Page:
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Letter to the Editor: Anonymity not an excuse

Published: October 20, 2006
Section: Opinions


Dear Editor,

In the 10/16 issue of The Hoot, both the opinion and news sections managed to egregiously violate journalistic ethics in order to provide an outlet for personal insults. First, in the article “Free Theatre Cooperative denied charter” by David Pepose, a student was quoted anonymously as saying, “Free Play casts themselves as the saviors of theatre, when in reality it's just a purely egotistical and selfish gesture. I believe this is just some people just padding their resume, trying to take advantage of the Brandeis system.” The fact that a student was granted anonymity merely to insult the creators of the FPTC (which I have no affiliation with) is abhorrent. Standard journalistic ethics support the decision to grant anonymity if harm may befall the source if their identity is revealed or future sources may be dissuaded from providing information out of fear of castigation or retaliation. In this case, I highly doubt that there was any credible evidence that members of the FPTC were likely to physically harm or take revenge against this person, yet there is every reason to believe they would take offense to the statement. Especially considering the quote did not provide any new information (the only reason for anonymous sourcing) and was merely opinion, the anonymity served solely to allow a student to slander the FPTC publicly not typically the goal of news stories.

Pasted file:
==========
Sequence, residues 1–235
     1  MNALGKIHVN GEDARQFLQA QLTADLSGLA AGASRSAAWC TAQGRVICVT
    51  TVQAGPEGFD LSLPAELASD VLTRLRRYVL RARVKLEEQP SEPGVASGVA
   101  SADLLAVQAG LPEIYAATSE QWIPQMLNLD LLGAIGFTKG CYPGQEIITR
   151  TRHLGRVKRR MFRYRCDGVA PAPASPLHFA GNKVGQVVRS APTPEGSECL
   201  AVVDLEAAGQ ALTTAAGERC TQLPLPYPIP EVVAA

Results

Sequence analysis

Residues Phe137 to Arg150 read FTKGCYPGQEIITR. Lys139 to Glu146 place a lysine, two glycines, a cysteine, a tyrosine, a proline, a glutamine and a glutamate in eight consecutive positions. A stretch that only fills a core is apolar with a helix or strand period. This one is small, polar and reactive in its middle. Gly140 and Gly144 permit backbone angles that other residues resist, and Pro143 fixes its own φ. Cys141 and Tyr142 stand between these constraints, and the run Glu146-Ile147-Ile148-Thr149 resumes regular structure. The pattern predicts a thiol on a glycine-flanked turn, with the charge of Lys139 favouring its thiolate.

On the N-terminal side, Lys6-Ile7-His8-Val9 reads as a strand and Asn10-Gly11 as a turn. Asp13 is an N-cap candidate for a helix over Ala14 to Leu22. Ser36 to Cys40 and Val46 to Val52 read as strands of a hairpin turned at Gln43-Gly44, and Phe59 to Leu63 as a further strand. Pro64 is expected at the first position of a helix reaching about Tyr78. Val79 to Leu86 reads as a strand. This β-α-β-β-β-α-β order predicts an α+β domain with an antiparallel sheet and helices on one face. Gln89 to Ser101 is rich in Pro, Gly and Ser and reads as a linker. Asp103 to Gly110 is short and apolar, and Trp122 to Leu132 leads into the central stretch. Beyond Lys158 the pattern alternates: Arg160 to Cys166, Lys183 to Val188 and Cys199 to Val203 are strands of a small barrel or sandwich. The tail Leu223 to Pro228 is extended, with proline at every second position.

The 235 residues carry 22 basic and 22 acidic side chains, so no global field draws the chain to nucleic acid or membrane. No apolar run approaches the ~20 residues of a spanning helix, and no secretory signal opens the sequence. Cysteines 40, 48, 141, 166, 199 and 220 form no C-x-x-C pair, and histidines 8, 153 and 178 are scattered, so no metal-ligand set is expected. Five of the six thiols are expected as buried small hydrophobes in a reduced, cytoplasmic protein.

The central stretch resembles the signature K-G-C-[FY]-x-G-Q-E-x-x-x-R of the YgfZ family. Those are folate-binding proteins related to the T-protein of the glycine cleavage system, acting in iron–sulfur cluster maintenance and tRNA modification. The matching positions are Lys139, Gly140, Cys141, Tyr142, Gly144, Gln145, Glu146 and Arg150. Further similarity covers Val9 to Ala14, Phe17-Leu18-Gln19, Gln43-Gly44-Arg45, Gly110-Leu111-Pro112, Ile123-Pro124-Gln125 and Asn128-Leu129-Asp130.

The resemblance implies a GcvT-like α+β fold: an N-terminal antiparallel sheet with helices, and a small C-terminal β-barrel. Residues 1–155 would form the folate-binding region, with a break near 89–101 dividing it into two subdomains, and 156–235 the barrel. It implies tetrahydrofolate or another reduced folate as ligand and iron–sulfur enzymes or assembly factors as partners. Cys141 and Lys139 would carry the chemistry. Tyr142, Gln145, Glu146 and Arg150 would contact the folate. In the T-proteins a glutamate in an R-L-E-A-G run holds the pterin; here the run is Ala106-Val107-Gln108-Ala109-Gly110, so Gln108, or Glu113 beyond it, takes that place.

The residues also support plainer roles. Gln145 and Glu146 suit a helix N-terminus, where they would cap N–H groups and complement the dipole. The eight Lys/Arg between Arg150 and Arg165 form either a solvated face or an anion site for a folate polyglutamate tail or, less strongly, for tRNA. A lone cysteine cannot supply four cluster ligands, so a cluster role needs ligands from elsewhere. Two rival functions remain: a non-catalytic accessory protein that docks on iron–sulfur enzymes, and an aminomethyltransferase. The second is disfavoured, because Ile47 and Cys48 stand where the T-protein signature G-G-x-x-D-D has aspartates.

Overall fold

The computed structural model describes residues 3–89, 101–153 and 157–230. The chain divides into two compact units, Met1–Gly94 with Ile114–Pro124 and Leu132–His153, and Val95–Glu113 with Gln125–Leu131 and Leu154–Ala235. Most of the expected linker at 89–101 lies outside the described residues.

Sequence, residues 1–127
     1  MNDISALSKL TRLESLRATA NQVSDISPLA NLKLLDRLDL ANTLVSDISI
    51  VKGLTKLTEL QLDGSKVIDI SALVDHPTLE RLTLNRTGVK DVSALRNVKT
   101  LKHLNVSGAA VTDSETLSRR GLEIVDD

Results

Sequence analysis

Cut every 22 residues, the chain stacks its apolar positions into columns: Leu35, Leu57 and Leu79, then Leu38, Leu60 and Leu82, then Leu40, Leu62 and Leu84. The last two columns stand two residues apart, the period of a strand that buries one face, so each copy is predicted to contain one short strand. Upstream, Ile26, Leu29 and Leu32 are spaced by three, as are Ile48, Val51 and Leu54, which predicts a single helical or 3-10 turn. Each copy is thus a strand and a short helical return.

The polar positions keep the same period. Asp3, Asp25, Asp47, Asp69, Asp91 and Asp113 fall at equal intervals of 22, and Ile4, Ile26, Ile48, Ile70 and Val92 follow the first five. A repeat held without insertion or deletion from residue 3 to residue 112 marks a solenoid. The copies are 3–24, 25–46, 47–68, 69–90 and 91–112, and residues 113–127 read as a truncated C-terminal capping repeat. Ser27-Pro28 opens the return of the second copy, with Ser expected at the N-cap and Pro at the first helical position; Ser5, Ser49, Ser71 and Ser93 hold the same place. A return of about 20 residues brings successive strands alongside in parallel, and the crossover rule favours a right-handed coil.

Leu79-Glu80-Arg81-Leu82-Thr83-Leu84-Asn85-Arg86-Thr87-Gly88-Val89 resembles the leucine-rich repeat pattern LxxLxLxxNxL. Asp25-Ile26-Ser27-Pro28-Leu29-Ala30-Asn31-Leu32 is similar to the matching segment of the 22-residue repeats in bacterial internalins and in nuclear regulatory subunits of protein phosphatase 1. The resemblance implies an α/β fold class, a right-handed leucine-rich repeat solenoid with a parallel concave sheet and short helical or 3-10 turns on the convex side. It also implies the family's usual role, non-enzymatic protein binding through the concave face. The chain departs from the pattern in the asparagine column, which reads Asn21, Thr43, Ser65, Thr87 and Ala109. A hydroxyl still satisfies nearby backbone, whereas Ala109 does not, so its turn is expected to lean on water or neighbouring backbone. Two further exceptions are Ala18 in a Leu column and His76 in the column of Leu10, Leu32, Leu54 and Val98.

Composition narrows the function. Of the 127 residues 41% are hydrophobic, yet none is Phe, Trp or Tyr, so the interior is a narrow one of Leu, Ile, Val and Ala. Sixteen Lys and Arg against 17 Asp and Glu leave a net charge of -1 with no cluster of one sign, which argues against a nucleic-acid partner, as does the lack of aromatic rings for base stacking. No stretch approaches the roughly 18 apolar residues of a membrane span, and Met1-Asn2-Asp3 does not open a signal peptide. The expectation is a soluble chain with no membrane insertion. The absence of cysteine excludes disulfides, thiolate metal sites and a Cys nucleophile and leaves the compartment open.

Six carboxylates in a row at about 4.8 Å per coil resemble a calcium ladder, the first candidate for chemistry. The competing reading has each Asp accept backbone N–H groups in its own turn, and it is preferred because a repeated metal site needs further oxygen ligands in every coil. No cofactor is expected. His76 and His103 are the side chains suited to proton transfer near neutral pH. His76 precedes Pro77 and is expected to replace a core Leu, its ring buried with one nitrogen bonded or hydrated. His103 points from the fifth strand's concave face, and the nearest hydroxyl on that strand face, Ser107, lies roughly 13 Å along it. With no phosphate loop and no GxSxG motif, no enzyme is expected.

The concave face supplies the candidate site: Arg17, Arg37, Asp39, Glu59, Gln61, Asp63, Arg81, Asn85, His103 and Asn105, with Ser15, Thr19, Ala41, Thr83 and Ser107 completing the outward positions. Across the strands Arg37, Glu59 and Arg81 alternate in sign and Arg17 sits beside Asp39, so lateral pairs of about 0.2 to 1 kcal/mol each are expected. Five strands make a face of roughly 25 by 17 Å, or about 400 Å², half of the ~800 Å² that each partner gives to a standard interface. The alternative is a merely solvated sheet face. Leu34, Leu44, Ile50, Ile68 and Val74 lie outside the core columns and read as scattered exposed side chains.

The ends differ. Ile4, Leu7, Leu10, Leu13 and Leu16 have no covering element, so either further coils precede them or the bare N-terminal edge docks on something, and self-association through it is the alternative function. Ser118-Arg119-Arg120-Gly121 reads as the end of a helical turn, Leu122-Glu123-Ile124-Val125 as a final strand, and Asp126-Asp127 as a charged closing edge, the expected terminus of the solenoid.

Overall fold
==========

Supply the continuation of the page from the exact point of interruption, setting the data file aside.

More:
Second, the opinion article “From the minds that brought you Disco Tent” was published anonymously and contained a statement attacking Alwina Bennett as “out of touch with student wants.” Now I respect the right of the author to feel this way about how the administration has handled the Brandeis social life. However, I do not believe that he or she has the right to do so anonymously. In this case, it may be argued that the author was afraid of punishment by the administration for creating the Disco Tent. However, when the event was being planned invitations were sent out via Facebook that gratuitously identified the creators, and any administrator could easily have found information about the party organizers. Therefore, I am led to believe that the author of this opinion piece merely hid behind the guise of anonymity out of a passive-aggressive fear of being engaged in a legitimate debate with the Brandeis administration. Even in the case that I am mistaken and the author had a legitimate reason to remain anonymous, The Hoot should provide the readers with a note explaining why anonymity was granted in this instance, as has become commonplace in mainstream newspapers and magazines in the wake of the Jayson Blair and Stephen Glass episodes.

The Hoots editors and reporters should seriously consider any decisions to grant anonymity, and only grant it in the most extenuating circumstances. I hope the editors and reporters are as ashamed of their publication of these anonymous attacks as I am, and will, at the very least, provide their readership with an explanation of why they were allowed.

Sincerely,
Matt Rogers 08